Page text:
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Special Message

February 27, 1839

To the Senate and House of Representatives of the United States.

I transmit to Congress copies of various other documents received from the governor of Maine, relating to the dispute between that State and the Province of New Brunswick, which formed the subject of my message of the 26th instant, and also a copy of a memorandum, signed by the Secretary of State of the United States and Her Britannic Majesty's envoy extraordinary and minister plenipotentiary near the United States, of the terms upon which it is believed that all hostile collision can be avoided on the frontier consistently with and respecting the claims on either side.

As the British minister acts without specific authority from his Government, it will be observed that this memorandum has but the force of recommendation on the provincial authorities and on the government of the State.



Augusta, February 22, 1839.

His Excellency M. VAN BUREN,

President United States.

SIR: I have the honor to inclose herewith copies of letter from the lieutenant-governor of New Brunswick, under date of February 18, with my reply thereto; letter from the solicitor-general of the Province of New Brunswick to the Hon. Charles Jarvis, temporary land agent, under date of the 17th instant, with Mr. Jarvis's reply; parole of honor given by Messrs. McIntire, Cushman, Bartlett, and Webster, dated 18th February; my message to the legislature of the 21st instant.

These papers will give Your Excellency all the additional information of any importance not heretofore communicated that has been received in relation to the state of affairs upon our eastern frontier. I can not but persuade myself that Your Excellency will see that an attack upon the citizens of this State by a British armed force is in all human probability inevitable, and that the interposition of the General Government at this momentous crisis should be promptly afforded.

I have the honor to be, with high respect, Your Excellency's obedient servant,


Governor of Maine.


Frederickton, New Brunswick, February 18, 1839.

His Excellency the GOVERNOR OF MAINE.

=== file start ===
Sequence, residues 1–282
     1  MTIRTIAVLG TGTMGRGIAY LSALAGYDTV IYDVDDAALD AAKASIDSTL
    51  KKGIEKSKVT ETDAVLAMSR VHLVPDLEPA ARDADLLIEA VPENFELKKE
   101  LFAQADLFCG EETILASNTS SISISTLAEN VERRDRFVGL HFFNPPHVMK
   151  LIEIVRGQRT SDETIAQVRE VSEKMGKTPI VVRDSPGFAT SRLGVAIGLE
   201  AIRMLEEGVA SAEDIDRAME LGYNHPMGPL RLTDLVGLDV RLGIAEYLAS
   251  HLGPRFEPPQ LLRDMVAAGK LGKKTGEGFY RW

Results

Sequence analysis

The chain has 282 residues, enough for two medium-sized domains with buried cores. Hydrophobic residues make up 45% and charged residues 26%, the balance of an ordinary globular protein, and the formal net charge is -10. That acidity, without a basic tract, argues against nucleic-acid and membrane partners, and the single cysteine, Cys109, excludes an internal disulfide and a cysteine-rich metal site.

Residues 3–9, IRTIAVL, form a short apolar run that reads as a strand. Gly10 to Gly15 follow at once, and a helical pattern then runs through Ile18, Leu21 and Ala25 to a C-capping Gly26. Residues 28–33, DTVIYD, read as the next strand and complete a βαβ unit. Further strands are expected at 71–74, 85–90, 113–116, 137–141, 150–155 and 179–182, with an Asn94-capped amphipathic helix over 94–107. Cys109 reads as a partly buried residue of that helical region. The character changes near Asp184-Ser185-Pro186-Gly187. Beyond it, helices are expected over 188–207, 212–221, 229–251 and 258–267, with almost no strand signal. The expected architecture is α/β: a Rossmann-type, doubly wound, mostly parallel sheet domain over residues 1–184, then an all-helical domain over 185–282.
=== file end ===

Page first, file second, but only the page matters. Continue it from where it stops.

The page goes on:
SIR: I have the honor to acknowledge the receipt, by the hands of Hon. Mr. Rogers, of your excellency's letter of the 15th instant. Mr. McIntire and the gentlemen with him have been subjected to an examination before Her Majesty's attorney general of this Province, who has reported to me that the offense of which they stand charged is one rather against the law of nations and of treaties than against those of this Province. They must accordingly be regarded as "state offenders." In this view, their disposal rests exclusively with Her Majesty's Government, to which I shall accordingly report the case. In the meantime I have had pleasure in directing that they shall immediately be allowed to return to the State of Maine upon pledging their parole of honor to present themselves to the Government of this Province whenever Her Majesty's decision may be received, or when required to do so. The high respectability of their characters and situations and my desire to act in all matters relating to the disputed territory in such a manner as may evince the utmost forbearance consistent with the fulfillment of my instructions have influenced me in my conduct toward these gentlemen; but it is necessary that I should upon this occasion distinctly state to your excellency--

First. That if it be the desire of the State of Maine that the friendly relations subsisting between Great Britain and the United States should not be disturbed, it is indispensable that the armed force from that State now understood to be within the territory in dispute be immediately withdrawn, as otherwise I have no alternative but to take military occupation of that territory, with a view to protect Her Majesty's subjects and to support the civil authorities in apprehending all persons claiming to exercise jurisdiction within it.